A summary of research published in the New England Journal of Medicine
A new study has shown that the protection given by two of the COVID-19 vaccines lasts for at least 20 weeks. The research, published in the New England Journal of Medicine, assessed the impact of vaccines as they are rolled out in the UK.
Researchers collected information from people who received either the Pfizer/BioNTech or the Oxford/AstraZeneca vaccine in England between December 2020 and October 2021. They looked at a person’s age and medical history, and whether they had tested positive for COVID-19 previously. If they had tested positive, it looked at whether the infection was from the Alpha or Delta variant of COVID-19. This study looked at whether a person had received the first or second dose of the vaccine. At this stage of the pandemic, it was only possible to have two doses.
20 weeks after receiving the second dose, both vaccines were still very effective at preventing hospital stays and deaths from COVID-19. The results showed that protection was highest immediately after receiving the second dose, but this reduced only slightly over time.
The vaccines’ ability to prevent catching a milder version of COVID-19 dropped more over time. There was also a bigger drop in effectiveness in the older age groups and for people who are classed as ‘clinically extremely vulnerable’. This group includes people who have received an organ transplant and people with some lung conditions, including cystic fibrosis, severe asthma and severe COPD.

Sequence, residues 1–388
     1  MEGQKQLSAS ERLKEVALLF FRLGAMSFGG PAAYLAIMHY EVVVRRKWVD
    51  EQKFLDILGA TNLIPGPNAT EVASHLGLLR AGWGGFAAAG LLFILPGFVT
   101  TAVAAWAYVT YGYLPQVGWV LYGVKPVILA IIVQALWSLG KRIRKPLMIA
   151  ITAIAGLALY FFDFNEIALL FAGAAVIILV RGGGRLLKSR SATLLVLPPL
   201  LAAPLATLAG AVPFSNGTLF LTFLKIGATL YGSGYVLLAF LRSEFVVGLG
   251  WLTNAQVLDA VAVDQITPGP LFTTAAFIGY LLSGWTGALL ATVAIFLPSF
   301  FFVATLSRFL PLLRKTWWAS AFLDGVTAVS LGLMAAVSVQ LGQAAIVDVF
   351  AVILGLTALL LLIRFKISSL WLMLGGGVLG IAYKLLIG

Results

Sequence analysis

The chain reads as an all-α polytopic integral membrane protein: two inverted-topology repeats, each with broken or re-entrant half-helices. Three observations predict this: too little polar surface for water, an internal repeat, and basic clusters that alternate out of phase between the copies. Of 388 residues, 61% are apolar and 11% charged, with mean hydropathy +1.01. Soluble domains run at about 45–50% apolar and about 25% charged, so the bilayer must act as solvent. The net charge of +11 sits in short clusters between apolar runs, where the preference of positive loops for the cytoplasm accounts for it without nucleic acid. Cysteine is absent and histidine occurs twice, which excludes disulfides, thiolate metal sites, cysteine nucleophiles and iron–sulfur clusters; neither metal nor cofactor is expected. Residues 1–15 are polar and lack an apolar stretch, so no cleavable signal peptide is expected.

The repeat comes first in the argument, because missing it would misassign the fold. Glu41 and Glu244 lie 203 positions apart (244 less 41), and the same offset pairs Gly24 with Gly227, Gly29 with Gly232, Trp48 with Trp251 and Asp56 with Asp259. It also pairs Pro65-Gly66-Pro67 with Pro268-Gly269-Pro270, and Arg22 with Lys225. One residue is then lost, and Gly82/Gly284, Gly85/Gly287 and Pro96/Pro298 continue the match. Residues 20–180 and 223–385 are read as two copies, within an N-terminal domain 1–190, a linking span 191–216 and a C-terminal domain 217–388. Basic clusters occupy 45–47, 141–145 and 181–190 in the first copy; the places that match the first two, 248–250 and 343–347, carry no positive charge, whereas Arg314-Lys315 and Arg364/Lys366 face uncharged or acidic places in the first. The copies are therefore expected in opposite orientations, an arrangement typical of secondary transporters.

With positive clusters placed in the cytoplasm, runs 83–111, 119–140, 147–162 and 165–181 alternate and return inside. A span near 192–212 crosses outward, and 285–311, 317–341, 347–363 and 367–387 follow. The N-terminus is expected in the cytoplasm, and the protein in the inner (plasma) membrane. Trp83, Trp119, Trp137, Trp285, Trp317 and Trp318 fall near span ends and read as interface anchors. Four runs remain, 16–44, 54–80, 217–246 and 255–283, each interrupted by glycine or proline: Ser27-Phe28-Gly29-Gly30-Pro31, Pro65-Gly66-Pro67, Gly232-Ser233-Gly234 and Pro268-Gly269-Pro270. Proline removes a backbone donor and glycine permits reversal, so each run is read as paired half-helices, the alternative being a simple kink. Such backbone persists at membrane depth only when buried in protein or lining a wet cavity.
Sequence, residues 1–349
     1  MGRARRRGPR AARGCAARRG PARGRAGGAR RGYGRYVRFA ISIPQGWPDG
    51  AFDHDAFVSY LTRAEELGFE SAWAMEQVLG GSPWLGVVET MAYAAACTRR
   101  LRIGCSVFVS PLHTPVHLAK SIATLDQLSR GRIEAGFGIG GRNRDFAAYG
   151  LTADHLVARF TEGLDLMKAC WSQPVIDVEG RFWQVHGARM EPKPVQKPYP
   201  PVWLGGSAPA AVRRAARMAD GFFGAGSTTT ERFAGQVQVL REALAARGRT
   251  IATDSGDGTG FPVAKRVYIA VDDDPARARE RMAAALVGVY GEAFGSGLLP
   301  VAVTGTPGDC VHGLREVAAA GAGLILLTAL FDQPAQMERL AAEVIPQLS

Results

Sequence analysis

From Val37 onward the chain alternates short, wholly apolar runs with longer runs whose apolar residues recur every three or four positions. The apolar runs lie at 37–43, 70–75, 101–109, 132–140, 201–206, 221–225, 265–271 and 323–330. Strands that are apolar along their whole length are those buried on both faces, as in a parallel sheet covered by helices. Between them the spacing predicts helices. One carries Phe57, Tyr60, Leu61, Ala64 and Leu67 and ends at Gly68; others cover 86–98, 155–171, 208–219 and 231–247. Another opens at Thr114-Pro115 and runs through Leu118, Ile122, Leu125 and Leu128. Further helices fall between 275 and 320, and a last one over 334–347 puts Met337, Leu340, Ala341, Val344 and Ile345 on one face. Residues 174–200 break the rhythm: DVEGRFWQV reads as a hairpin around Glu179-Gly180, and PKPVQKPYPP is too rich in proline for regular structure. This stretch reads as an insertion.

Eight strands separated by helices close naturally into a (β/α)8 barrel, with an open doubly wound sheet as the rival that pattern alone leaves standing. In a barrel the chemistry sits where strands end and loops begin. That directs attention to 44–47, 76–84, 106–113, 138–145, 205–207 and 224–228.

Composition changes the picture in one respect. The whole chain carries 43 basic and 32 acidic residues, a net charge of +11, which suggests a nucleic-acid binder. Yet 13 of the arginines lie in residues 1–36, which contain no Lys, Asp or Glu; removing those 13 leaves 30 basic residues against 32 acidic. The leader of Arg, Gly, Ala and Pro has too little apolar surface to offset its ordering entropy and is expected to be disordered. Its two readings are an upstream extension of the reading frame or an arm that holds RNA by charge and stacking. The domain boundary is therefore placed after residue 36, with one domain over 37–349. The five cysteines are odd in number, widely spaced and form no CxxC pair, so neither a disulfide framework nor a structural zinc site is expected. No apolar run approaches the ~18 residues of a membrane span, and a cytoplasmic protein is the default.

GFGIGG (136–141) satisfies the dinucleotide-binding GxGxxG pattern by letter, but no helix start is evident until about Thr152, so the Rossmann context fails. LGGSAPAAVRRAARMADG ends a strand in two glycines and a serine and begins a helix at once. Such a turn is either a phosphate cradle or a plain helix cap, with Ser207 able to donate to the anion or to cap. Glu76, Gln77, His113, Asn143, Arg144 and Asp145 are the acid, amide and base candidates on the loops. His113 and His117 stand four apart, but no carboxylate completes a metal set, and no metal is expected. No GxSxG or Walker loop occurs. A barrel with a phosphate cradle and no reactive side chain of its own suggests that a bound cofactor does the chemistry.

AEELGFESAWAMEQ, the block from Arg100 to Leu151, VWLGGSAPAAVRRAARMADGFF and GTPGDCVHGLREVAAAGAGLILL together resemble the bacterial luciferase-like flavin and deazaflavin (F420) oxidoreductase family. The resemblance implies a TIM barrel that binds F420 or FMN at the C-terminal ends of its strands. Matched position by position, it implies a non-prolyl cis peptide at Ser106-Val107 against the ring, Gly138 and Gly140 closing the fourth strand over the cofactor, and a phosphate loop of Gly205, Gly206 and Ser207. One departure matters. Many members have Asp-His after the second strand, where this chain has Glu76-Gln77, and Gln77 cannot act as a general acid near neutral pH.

The researchers also found that the vaccines were slightly more effective against the Alpha variant than the Delta variant. However, this was difficult to conclude as there were low numbers of Alpha circulating after June 2021.
The research confirms that vaccines are very effective at preventing severe disease or death from COVID-19 for at least 5 months. We knew this was the case from clinical trials of the vaccine. But this latest evidence provides reassurance that these results are also seen in real populations.
The vaccines’ protection against milder disease appears to drop over time. But the vaccines remain effective at reducing hospital visits and deaths. This is the crucial factor in helping to keep the pandemic under control.
Decisions on further doses, known as boosters, should consider the risk of new variants and the level of the disease in the community. An alternative option for a booster would be a vaccine that targets specific variants. This is currently under investigation.
Title: Duration of Protection against Mild and Severe Disease by Covid-19 Vaccines
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